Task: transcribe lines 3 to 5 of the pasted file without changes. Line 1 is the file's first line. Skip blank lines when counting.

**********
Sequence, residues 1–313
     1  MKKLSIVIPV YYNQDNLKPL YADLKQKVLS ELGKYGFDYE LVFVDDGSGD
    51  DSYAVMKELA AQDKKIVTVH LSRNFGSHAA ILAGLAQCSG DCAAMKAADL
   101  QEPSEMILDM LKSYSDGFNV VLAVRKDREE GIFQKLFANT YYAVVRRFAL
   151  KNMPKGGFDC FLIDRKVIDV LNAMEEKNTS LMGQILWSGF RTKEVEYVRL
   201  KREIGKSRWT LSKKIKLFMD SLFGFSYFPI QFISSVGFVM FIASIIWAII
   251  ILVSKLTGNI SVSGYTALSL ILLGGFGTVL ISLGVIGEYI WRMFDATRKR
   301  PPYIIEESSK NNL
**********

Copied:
    51  DSYAVMKELA AQDKKIVTVH LSRNFGSHAA ILAGLAQCSG DCAAMKAADL
   101  QEPSEMILDM LKSYSDGFNV VLAVRKDREE GIFQKLFANT YYAVVRRFAL
   151  KNMPKGGFDC FLIDRKVIDV LNAMEEKNTS LMGQILWSGF RTKEVEYVRL